Keeping Oneself In Denial

One of the most chilling scenes in District 9 is the one in which Wikus enters an alien's home and coldly performs an abortion.
This scene came to mind when I read Katy Waldman's recent Slate article on "ultrasound viewing" prior to abortion procedure. Waldman investigates the position that women who view ultrasounds prior to going through with abortions are more likely to reconsider.

First, to the meat of the matter. Waldman's investigation reveals that, in one study, 1.6% of women who were shown ultrasounds eventually backed-out of their abortions. She describes the 1.6% as "only" 1.6%, and hastens to add that all of those who backed out were part of the 7.4% of the total population who were unsure about the abortion in the first place.

I have not double-checked the study, so I accept Waldman's account at face value. I am not sure that her point is as strong as she would like it to be. Waldman's states that "15,575 medical records were analyzed." If I assume that one record is equivalent to one person (admittedly not fully accurate, but reasonable enough for illustrative purposes), this means that approximately 1,153 were not fully committed to going through with the abortion, and ultimately 249 women backed out. This seems to suggest a possible 22% - more than one in five patients - of women who aren't previously committed to abortion could potentially be dissuaded from having one, if they simply view a sonographic picture of their fetuses.

The full interpretation of this story is, as usual, open to debate among reasonable people. However, as I said before, what Waldman seems to believe is a slam-dunk is hardly so.

But what I found most disturbing about Waldman's article is her reluctance to refer to fetuses as fetuses. She refers directly to fetuses a total of 27 times, and in only three of those instances did Waldman actually use the word "fetus." The remaining instances were as follows:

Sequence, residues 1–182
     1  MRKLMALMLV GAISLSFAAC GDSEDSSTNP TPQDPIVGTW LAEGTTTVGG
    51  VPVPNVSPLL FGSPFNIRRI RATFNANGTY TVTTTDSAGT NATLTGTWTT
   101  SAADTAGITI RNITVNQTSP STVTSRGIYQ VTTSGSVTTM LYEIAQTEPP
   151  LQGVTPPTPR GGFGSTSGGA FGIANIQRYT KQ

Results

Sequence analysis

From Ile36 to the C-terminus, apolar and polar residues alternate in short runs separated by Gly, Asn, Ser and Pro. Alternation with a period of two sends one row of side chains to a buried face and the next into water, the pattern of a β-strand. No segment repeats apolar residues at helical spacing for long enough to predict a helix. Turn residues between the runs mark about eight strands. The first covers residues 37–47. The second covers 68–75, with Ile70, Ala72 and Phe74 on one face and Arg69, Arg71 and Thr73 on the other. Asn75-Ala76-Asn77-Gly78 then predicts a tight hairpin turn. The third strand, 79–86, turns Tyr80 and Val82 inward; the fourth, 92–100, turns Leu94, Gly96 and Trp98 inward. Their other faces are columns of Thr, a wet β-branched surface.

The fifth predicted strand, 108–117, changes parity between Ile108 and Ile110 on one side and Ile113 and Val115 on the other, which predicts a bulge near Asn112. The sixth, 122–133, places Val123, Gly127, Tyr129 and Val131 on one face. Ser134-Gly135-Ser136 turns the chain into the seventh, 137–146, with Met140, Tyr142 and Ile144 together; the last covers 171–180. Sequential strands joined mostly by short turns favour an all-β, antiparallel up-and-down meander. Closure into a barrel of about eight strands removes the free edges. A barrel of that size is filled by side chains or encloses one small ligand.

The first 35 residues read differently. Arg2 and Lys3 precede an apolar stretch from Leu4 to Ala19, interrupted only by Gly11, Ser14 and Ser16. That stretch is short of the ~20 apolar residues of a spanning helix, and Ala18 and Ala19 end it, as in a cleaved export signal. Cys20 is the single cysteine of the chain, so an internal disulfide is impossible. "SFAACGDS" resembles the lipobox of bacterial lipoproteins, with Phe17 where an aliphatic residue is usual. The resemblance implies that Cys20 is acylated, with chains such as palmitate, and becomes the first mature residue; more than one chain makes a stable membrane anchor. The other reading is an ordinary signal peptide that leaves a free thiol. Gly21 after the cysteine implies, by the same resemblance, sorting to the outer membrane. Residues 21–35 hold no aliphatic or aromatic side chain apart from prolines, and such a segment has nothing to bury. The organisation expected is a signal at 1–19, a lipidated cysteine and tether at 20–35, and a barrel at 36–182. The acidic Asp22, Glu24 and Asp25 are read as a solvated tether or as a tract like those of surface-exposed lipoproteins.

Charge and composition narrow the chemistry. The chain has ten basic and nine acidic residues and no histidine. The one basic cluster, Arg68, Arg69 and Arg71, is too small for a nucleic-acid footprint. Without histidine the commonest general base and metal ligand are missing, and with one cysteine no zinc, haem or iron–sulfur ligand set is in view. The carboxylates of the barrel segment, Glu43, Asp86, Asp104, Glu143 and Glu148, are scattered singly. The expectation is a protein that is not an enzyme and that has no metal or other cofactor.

• 7 instances of "ultrasound images," "images" and similar terms
  • 6 instances of "sonogram," "sonogram viewings" and similar
  • 5 instances of simply "ultrasound"
  • 2 instances of "bean"
  • 2 instances of "these pictures"
  • 1 instance of "grainy photos"
  • 1 instance of "contents of their uteruses"
Even more interesting is the fact that Waldman reserved the word "fetus" for negative contexts. Of the three times she used that word, the first instance was a reference to "concern for the fetuses" shown by those she calls "anti-choicers" (otherwise known as pro-lifers); the second instance was a description of "forcing or pressuring" women to "view" their fetuses; the final instance was the phrase "forcing a woman to stare at her fetus before terminating it."

From this, I cannot help but conclude that Katy Waldman herself is uncomfortable with the fact that an abortion is not just the erasure of a "grainy photo" or the elimination of the "contents of a uterus." An abortion is the termination of a fetus, a surgical procedure that plainly and simply ends the life of a fetus.

Generally I try to stay out of the abortion debate, because it is not a particularly productive one to have. Likewise, I offer no deep insights here in today's post.

However, it is often said that the most vociferous opponents of gay marriage are people who are themselves homosexuals who are unable to admit that fact to themselves. What, then, must we conclude about a woman who will go to such herculean lengths to avoid plain language when talking about abortion?